We can't expect to earn a higher wage and then shop for $8 shirts. The people sewing the shirts deserve a good wage also. I hear many people complain about there pay scale and want the products made in America but arn't willing to pay top price so the workers here can earn a good wage. You can't have it both ways.
I agree completely with mistylite. So many of us are working at low-paying, non-benefit jobs. Management is inept. People are being treated like little more than galley slaves, all in the name of the almightly corporate profit. It's a sad state of affairs when decent folks with a strong work ethic are relegated to minimum wage drudgery. Yet the corporate higher-ups, who are not marketing their companies successfully (probably too stupid to know how!), make millions a year.
What has happened to our country????
I avoid Kmart as much as possible. It's the Radio Shack of the 80's - I have to play 20 questions to pay $2.99 for a stick of deodorant.
Do you have a rewards card, what is your phone number, would you like to sign up for rewards plus, would you recommend shopping here survey (NO), do you want the warranty... then wait for a 3 ft register tape in 4 pieces to print...
You want to cry about overpaid CEO people, how about all the pro athletes and hollywood people??
Sears (and Roebuck) used to be a major player, I have all Craftsman tools and always shopped there - since the early 80's. They switched my sears card to a Gold card then to Citi Bank-at 24.99%. I got a separate offer from Citi for ZERO % for 12 months and then 12.99% thereafter, A call to sears customer service (thats what they called it) ended in them losing a 30+ year customer ! Too bad when they DO go under that the big whigs still walk away with a bonus- Thats whats wrong with America!!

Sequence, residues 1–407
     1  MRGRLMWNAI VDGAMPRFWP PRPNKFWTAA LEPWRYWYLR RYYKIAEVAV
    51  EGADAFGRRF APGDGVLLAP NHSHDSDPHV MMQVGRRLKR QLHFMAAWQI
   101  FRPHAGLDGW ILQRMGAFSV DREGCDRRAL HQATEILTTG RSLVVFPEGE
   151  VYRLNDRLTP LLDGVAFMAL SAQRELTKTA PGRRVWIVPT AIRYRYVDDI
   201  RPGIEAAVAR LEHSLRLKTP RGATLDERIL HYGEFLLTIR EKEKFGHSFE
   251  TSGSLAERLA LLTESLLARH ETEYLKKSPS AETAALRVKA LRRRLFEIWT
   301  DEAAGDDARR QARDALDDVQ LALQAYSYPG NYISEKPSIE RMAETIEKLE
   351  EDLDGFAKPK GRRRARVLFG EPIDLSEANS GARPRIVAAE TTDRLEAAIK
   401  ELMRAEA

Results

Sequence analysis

Most CEO's of every company are drastically overpaid. They don't understand who is the back-bone of their respective companies. I use the U.S. Post Office as a prime example.
Eddie Lampert did not invest in Sears because he thought Sears was a great merchandiser. In the mid 2000's the real estate value of Sears locations was the driving force for the investment. The whole concept from the get go has been to extract value from the company through real estate divesture.
Selling Craftsman tools and Kenmore appliances was simply a means to an end while this real estate unbundling process was allowed to move forward. Sears employees were to be just pawns on the corporate chessboard until the real estate and brands were sold off which at that point...poof... they would be fired!.
Then the real estate Commercial Market crash came in 2008 which drove a nail in that money-making strategy forcing Sears to reconsider staying in business for a few more years to buy time until the commercial real estate market recovers. They don't invest in stores because that is considered throwing real value down the toilet. That is why the Sears experience of 1985 is the same as it is today-- a trip down memory lane providing an outdated and dull shopping experience.
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[BRIEFING.COM] The stock market finished an upbeat week on a mixed note. The S&P 500 added just over a point, holding its weekly gain at 1.0% while the Nasdaq lost 0.4%.
The major averages began the day on an upbeat note, but relinquished their opening gains during the first 90 minutes of action. The early sentiment was boosted by a better-than-expected nonfarm payrolls report for February (175K versus Briefing.com consensus 163K), but a closer look into the report suggested that ... More